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AOSIS lead negotiator Rasmussen urges swift action and robust financing to address Climate threats

AOSIS Climate lead negotiator, Anne Rasmussen of Samoa, emphasised the coalition’s vulnerability to climate change at the Sixtieth Session of the Subsidiary Bodies (SB60) of the UNFCCC in Bonn.

“SB60 began amid severe climate crises,” Rasmussen said, opening her closing remarks for the Alliance of Small Island States (AOSIS). 

“Wildfires in Belize, coral bleaching worldwide, a deadly landslide in Papua New Guinea, and heatwaves in India. These events underscore the urgency of addressing climate change,” she said in her statement.

She welcomed the establishment of terms for reviewing the Warsaw International Mechanism review in Baku, aimed at addressing loss and damage. 

“This review is crucial for ensuring the mechanism is fit-for-purpose to support our countries,” she said.

Addressing the stalled progress on the Research and Systematic Observation (RSO) agenda, Rasmussen expressed AOSIS’s disappointment.

“For the first time, we failed to reach an agreement on RSO,” she said. 

“We wanted an appropriate reflection of the IPCC’s Seventh Assessment Cycle. The best available science must guide our actions here, and it is concerning that we did not reach substantive outcomes. We expect better results at our next session.”

Rasmussen then discussed the mixed outcomes of the session. 

“We are encouraged by advancements in several agenda items,” she acknowledged.

“Draft decisions are being forwarded to the COP.” However, she noted, “Progress has been slow on critical agenda items, particularly those aimed at operationaliSing the outcomes of the first Global Stocktake (GST). This delay is problematic for our small delegations as we approach a critical COP in November.”

The session’s progress on the Mitigation Work Programme drew sharp criticism from Rasmussen.

“Instead of creating opportunities for high mitigation impact, the programme seems to be diverging from what our small islands and the global community need,” she said. 

“We are extremely disappointed with the lack of results. A substantive decision that implements the GST outcomes and addresses Nationally Determined Contributions (NDCs) is essential for AOSIS. Only high mitigation ambition aligned with the 1.5°C goal will ensure our survival.”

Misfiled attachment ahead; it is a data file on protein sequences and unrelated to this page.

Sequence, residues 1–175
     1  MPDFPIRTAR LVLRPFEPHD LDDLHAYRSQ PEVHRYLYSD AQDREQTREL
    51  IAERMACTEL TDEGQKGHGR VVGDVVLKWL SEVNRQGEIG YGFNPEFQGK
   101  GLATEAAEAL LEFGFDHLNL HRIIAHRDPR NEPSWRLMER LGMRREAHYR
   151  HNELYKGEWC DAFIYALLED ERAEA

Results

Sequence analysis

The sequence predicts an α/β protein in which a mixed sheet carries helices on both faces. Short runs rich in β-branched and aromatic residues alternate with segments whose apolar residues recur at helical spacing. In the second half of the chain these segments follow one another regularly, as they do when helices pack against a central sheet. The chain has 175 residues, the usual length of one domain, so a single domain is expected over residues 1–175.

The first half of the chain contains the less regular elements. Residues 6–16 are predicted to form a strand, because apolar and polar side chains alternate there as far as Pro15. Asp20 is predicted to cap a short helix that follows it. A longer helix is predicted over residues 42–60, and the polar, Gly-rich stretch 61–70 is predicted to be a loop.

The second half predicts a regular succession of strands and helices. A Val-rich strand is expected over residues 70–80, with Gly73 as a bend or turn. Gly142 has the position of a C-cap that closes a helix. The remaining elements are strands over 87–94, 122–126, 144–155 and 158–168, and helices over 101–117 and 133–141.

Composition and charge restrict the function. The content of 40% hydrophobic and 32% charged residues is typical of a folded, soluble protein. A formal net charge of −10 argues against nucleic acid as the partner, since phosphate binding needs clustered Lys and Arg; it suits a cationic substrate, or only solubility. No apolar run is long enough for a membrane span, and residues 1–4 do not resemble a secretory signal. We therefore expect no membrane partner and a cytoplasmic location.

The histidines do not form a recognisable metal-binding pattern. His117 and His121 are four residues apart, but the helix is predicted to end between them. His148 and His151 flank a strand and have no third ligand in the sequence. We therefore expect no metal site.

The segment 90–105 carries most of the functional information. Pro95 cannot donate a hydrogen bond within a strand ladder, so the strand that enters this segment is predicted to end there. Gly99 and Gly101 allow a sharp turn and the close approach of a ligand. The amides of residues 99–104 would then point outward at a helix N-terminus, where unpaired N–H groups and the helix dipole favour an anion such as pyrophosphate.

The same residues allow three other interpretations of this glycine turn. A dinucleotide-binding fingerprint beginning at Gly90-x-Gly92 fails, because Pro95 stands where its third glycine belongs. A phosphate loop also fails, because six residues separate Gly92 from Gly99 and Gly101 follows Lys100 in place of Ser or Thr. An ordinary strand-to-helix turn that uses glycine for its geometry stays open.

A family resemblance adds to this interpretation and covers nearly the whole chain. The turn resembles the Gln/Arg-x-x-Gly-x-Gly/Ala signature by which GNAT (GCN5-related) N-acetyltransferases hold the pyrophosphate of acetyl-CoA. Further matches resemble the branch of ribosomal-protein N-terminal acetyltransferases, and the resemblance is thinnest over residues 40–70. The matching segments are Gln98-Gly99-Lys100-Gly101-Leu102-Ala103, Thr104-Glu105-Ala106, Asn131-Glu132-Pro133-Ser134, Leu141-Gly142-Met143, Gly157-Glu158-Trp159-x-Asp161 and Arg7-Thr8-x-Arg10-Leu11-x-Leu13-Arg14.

Rasmussen also addressed the ongoing challenges with Article 6 negotiations. 

“We cannot continue this cycle of endless negotiations,” she stressed.

“Clear rules for cooperative approaches that ensure transparency and environmental integrity are crucial,” she said

She did acknowledge some progress, “We made some headway this session, which should lead to more robust outcomes at COP29.”

On transparency, she noted, “Developed countries’ resistance to providing adequate financial and technical support is hampering SIDS’ ability to implement the Enhanced Transparency Framework(ETF). Swift and flexible funding is necessary for equitable inclusion in the ETF process.”

Adaptation remains a high priority for AOSIS, Rasmussen emphasised. 

“For Small Island Developing States, adaptation is critical as temperatures rise. Concluding the modalities for the UAE-Belem work programme on indicators is essential. This will allow us to measure progress in adaptation action effectively.”

Regarding finance, she reiterated its importance across all thematic areas. 

“Finance is crucial for progress in technology, just transition, transparency, GST, mitigation, adaptation, and loss and damage. As we work towards an agreement on the New Collective Quantified Goal (NCQG), it must be fit-for-purpose and allow full operationalisation of Article 9 of the Paris Agreement.”

Rasmussen also stressed the necessity of a robust follow-up mechanism within the GST outcome.

“The first GST is critical for maintaining the 1.5°C target.

“Its success depends on the effective implementation of all outcomes agreed upon at COP28. The NCQG must be inclusive, ensuring no party or group is left behind. Collective efforts are vital for achieving justice and effectiveness in our climate action,” said Rasmussen.

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